Home Brew Semi-Dry Blotter

Dr Engelbert Buxbaum via methods%40net.bio.net (by engelbert_buxbaum from hotmail.com)
Mon Feb 15 08:10:21 EST 2010


Am 15.02.2010, 07:04 Uhr, schrieb WS <novalidaddress from nurfuerspam.de>:

> Dear Colleagues,
>
> I thought of home-making a small semi dry blotter. I noticed that in
> some devices, one electrode is made of stainless steel, the other one
> of titanium. Or could one use titanium for both electrodes? In my
> experience, by accidentally reversing the current, the steel plate
> becomes oxidized - is the steel plate just a way of saving costs?
>
> I wonder about the electric connections (probably soldering is *not*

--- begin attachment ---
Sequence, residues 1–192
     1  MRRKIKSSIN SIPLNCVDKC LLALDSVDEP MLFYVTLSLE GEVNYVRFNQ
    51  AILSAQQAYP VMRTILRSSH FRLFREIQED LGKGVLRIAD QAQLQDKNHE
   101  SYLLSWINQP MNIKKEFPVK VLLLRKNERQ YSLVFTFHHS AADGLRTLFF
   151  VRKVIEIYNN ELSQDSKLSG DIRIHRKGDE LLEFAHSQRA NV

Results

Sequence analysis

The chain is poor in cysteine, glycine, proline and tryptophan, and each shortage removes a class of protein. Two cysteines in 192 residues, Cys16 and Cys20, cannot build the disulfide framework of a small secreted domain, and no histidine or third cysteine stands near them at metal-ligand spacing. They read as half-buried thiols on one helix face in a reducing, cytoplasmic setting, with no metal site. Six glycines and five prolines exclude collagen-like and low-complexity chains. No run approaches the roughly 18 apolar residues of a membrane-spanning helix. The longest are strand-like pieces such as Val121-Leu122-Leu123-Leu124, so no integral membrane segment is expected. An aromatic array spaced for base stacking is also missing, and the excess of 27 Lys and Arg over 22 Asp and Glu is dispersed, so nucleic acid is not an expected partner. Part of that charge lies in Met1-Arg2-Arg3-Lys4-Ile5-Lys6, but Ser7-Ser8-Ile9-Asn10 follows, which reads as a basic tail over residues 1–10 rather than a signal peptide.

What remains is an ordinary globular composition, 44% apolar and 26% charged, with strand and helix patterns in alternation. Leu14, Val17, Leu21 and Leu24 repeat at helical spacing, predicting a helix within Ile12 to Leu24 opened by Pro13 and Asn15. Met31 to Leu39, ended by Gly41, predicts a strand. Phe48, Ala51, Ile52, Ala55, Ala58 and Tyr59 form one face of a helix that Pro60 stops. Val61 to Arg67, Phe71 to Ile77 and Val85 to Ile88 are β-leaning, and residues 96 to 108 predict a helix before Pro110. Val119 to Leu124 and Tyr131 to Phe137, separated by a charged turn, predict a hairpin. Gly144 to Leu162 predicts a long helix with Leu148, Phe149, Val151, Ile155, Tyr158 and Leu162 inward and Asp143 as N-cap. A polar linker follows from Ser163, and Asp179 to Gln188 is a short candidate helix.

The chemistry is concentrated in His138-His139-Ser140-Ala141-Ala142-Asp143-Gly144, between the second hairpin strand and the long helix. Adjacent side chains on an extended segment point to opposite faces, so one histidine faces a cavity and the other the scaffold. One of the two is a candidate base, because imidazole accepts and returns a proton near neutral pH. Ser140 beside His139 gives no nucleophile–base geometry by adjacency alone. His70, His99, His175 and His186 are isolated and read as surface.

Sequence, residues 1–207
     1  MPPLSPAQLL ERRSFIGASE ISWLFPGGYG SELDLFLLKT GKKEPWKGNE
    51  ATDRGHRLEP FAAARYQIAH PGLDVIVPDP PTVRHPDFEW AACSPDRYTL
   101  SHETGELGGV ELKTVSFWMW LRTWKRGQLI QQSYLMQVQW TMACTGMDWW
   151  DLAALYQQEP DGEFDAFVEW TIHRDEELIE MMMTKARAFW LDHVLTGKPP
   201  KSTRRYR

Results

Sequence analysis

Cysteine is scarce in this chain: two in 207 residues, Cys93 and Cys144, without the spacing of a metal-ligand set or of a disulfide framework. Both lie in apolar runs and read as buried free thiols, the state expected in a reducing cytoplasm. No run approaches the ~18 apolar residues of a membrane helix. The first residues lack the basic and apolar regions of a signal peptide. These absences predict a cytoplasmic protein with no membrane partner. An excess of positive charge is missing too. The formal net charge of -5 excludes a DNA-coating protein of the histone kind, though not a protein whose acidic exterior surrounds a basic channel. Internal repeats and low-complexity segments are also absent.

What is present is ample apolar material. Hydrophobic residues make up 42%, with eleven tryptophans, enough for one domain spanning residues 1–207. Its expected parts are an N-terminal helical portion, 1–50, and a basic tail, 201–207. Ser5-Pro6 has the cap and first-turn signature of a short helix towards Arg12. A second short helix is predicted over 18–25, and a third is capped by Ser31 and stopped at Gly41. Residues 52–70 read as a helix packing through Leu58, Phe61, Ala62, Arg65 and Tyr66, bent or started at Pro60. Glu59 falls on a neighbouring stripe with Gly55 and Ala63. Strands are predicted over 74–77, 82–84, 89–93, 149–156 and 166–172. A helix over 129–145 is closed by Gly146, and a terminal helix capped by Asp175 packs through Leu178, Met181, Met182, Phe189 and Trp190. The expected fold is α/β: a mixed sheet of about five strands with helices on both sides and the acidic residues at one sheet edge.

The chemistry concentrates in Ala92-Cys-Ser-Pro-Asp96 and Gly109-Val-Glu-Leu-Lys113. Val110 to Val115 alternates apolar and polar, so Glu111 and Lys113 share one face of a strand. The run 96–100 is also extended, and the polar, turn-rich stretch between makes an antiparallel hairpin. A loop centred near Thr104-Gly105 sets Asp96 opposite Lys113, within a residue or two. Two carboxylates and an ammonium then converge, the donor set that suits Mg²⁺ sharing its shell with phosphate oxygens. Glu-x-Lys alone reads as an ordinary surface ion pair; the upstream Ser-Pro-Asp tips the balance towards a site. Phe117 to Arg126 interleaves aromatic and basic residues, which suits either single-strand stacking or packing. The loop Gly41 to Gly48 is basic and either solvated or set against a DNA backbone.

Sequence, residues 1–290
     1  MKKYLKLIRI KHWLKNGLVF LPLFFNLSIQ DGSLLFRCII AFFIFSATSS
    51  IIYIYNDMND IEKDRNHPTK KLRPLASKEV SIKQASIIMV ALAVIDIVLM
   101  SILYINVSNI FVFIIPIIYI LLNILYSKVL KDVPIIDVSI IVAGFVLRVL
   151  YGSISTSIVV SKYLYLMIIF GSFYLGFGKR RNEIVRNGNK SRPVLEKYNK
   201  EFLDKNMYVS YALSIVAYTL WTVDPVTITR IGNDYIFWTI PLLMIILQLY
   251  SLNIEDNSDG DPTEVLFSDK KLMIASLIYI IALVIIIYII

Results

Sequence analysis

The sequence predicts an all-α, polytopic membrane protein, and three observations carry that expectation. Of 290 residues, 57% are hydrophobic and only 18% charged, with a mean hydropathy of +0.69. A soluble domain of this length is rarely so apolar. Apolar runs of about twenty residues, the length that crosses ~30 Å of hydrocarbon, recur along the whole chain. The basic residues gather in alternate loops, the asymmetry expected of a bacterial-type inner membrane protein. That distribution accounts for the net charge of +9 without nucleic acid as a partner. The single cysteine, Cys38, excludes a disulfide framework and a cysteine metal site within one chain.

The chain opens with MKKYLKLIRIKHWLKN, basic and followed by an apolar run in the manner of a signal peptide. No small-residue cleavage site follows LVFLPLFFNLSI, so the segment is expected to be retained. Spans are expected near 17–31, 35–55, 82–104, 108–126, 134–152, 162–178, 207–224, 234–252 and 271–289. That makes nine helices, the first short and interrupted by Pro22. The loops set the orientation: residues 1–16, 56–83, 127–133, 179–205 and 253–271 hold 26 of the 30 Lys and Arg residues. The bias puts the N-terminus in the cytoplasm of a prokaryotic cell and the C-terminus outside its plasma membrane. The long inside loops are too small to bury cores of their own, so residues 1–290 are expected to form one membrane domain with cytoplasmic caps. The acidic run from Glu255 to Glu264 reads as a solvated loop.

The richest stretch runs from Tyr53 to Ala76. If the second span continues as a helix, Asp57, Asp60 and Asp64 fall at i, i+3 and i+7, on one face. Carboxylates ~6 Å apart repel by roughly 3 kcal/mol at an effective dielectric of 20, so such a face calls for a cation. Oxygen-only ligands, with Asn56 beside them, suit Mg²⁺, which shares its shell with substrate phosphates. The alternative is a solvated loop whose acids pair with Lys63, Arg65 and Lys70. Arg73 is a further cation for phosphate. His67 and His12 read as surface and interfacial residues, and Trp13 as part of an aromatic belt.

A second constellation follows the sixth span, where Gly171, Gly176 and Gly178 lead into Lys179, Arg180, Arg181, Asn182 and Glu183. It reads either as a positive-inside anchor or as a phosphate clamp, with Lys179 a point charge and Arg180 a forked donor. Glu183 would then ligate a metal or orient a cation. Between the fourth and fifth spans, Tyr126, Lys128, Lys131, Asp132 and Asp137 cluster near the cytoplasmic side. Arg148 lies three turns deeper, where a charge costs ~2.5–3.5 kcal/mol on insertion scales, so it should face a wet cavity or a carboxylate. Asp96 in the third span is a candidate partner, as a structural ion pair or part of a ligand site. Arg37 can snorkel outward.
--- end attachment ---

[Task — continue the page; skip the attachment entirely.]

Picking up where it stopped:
> good (tin will be prone to corrosion), stainless steel resp. titanium
> wire and screws either of the same material or non-conductive plastic
> should be the best choice) and the orientation of the electrodes -
> which one is anode and which one is cathode? Is there anything
> important about the housing?

My guess is that you will get corrosion problems with metals in general,  
as in effect you build an electrochemical cell. Therefore, the anode will  
tend to go. That's why all instrument I have ever seen use graphite as  
electrode material.

Depending on your purpose you may be better off with a tank blotter. They  
are easy to build and blotting yield tends to be higher than semidry (at  
least with the large membrane proteins I am dealing with). The only  
situation where I would consider semidry is when I want anode and kathode  
buffers to be different (e.g., detergent on the gel and methanol on the  
membrane side).


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